But in channeling a fictional black superhero created in 1966 at the height of the American civil rights movement, the protagonist of “Black Panther” is truly unique: a person of African descent with the power, intellect, and moral compass to inspire admiration across racial divides; a person who stands as a unifying force in a fictional African country with no obvious history of colonization and blessed with abundant natural resources.
I hope that the release of “Black Panther” in China will heighten awareness of race among domestic audiences. Let me be clear: As a black American woman, I regularly experience systemic racial discrimination at home in the United States. But I often find the discrimination I encounter here in China cruder and more overt.
I moved to China in 2015 in the hope of earning good money as an English teacher and exploring more of Asia during my off-time. And it is true that my experience in Shanghai has been quite lucrative for my career since then. Yet to paraphrase the African-American poet Langston Hughes, life for most black people in China isn’t a crystal stair.
Chinese beauty standards put whiteness at a premium; some women regularly bleach their skin, for example. But these aesthetics run deeper than skin color: The popularity of plastic surgery proceduresdesigned to widen and brighten the eyes reflects a widespread acceptance of Caucasian, Eurocentric beauty standards. Often, I feel as if my very existence as a dark-skinned black woman is in opposition to what some Chinese people find aesthetically beautiful, a tension that has made me feel disrespected in certain social interactions.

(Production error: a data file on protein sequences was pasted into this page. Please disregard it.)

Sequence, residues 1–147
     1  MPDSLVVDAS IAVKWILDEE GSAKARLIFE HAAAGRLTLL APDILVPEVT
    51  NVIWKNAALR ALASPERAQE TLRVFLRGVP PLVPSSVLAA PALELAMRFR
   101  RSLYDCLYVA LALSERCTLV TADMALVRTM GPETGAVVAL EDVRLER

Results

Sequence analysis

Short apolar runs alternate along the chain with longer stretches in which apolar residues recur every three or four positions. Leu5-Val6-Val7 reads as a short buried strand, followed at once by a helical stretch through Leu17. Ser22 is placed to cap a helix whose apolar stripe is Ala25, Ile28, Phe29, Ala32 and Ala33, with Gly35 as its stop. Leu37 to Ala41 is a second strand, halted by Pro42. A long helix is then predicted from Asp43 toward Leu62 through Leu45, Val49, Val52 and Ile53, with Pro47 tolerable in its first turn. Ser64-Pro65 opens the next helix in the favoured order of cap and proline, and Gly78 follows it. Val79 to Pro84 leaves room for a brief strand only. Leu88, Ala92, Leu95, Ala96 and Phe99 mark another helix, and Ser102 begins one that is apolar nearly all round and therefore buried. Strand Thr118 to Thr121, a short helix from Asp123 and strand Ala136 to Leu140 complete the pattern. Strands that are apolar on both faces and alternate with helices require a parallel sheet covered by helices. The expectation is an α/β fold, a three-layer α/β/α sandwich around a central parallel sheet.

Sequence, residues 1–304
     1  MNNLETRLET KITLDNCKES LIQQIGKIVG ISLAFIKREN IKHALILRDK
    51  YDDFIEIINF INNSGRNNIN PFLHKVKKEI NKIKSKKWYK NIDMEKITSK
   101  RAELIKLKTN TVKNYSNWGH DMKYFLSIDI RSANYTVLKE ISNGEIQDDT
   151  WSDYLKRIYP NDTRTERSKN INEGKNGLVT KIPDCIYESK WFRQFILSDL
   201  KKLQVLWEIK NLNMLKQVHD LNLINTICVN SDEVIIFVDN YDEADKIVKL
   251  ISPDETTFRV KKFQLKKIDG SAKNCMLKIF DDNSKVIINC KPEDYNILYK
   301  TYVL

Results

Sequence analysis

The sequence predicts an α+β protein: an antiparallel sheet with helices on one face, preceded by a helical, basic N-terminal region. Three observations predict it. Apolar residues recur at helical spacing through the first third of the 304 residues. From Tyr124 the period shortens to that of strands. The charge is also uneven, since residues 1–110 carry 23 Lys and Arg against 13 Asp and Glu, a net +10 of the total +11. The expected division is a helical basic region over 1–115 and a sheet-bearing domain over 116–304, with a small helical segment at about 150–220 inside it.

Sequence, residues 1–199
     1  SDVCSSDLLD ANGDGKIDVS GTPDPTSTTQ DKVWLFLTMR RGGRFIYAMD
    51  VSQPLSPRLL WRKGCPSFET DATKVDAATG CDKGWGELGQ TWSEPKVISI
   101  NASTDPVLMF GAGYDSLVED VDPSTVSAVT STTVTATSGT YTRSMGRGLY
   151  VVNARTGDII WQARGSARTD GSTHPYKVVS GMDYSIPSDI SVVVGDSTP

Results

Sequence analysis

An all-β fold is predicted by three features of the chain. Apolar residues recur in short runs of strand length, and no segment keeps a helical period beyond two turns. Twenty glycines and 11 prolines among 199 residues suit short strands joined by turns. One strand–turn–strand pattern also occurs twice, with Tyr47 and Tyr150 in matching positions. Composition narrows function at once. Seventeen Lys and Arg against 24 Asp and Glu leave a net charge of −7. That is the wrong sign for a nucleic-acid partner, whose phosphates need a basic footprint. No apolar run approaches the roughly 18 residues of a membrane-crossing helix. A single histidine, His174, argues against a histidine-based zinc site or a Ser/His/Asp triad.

Beauty standards have negatively impacted my employment prospects and income. Many job postings specify that only white or “native European” teachers may apply, or demand that candidates submit copies of their passport pages at the very start of the recruitment process in order to screen out people with dark skin.
It is regrettable that most Chinese lack exposure to black people. Interactions that many locals have with those of the African diaspora are therefore rife with negative stereotypes — particularly notions of cleanliness. Last year, the Chinese detergent brand Qiaobi was accused of open racism after releasing a television commercial in which a Chinese woman shoved a black man into a washing machine. He then emerged as a fair-skinned Chinese man, to the visible delight of the woman.
Qiaobi came under warranted criticism for perpetuating the bogus idea that dark-skinned people are dirtier than their lighter-skinned counterparts. But my own experiences indicate that this notion exists much more prominently in China than in the U.S. I have witnessed passengers blatantly cover their noses as I enter a subway carriage; once, while on holiday in Hong Kong, a department store clerk who was demonstrating a brand of soap on my hand even joked that my skin was dark because the poor air quality on the Chinese mainland had made it dirty.
And things are hardly better when it comes to the average Chinese person’s perceptions about Africa. Admittedly, both Chinese and Western media outlets perpetuate a negative narrative that casts the continent’s people as backward, poverty- and disease-stricken, and in need of economic and structural help from other nations.